A change so sudden taxes my belief.
Even in the hour I had resolved to die,
Alphonso's letter met my joyful eye.
By this I learn'd he had escaped with life,
Love saved him in the elemental strife.
This night we meet on the accustomed spot
Beneath the oak--Propitious heav'n befriend,
Nor let thy boundless goodness be restrain'd.
O Time be quick--anoint thy chariot wheels,
That they may sleekly roll away the space
That separates Alphonso and Elmira.
O may kind Heaven smile on our interview,
And may we never, never part again.--[ Sings.

In the desert of life tho' thorny the way,
In pity kind Heaven hath lent
One charm to beguile it and make it look gay,
And give the poor trav'ler content.

O what is that charm--such a path to beguile,
With thorns and with thistles o'erspread,
O say what can make such a sesert to smile,
As thro' its dark shadows we tread!

'Tis klove hath the power to soften each woe,
That a man in the wilderness meet,
What a ray of beatitude love can bestow,
The poor forlorn wand'rer to greet.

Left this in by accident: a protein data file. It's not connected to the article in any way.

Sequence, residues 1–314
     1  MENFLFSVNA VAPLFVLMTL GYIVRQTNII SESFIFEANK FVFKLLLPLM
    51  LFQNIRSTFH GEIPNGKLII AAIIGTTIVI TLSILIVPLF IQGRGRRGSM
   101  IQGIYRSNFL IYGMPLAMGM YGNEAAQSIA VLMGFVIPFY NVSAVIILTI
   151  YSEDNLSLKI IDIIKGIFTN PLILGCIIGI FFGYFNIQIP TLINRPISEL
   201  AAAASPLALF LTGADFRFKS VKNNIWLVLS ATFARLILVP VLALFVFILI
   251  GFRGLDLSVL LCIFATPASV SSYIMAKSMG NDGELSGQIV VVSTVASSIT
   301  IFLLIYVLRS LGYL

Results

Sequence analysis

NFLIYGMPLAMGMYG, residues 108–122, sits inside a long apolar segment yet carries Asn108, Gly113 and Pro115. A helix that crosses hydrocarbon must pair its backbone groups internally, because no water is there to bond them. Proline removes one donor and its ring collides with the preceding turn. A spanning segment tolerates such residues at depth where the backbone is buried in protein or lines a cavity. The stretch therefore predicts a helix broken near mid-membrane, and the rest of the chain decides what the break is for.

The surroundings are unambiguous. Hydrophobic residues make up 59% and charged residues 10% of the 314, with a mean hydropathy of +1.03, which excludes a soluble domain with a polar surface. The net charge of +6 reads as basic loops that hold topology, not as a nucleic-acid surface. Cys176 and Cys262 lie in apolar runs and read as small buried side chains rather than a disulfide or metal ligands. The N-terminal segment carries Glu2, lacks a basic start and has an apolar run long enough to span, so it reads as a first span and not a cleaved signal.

Love is the sweet solace of each earthly care,
By Jove in his pity 'twas given,
To be our balm in adversity here,
And prepare us for joys of heaven.

SCENE IV.-- Banks of the Hudson -- Enter Alphonso.

Alp. --If there's a joy that human kind can feel
And angels envy,--'tis when the banish'd wretch
Returns to his own home--to life and love.
Methinks Dame Nature never look'd so gay,--
The trees, the fields, the stream all seem to smile
In sympathy with my unspeakable joy.
Soon, soon Elmira, we shall meet again,
And heaven to compensate for all the woes
I have endured, shall give me thee, Elmira--
O rich reward,--a maiden all unmatch'd,
In mind and person; whose beauty raises wishes
Her virtue awes, with sense of sacrilege.
A mind as far superior to the crowd's
Love, grovelling thoughts, as her celestial mould
Is to the grossness of their sordid clay.--[ Enter Elm.
She comes, O Heaven!--this moment pays for all.
[ They embrace.
Elm. --Alphonso!--in that name there is a charm
That could not be forgotten for a moment.
Daily have I resorted to this spot,
And wrote Alphonso in the yellow sand,
Which, when the rising tide would wash away,
I turn'd to read it printed in my breast,
From whence nought could it banish or expunge,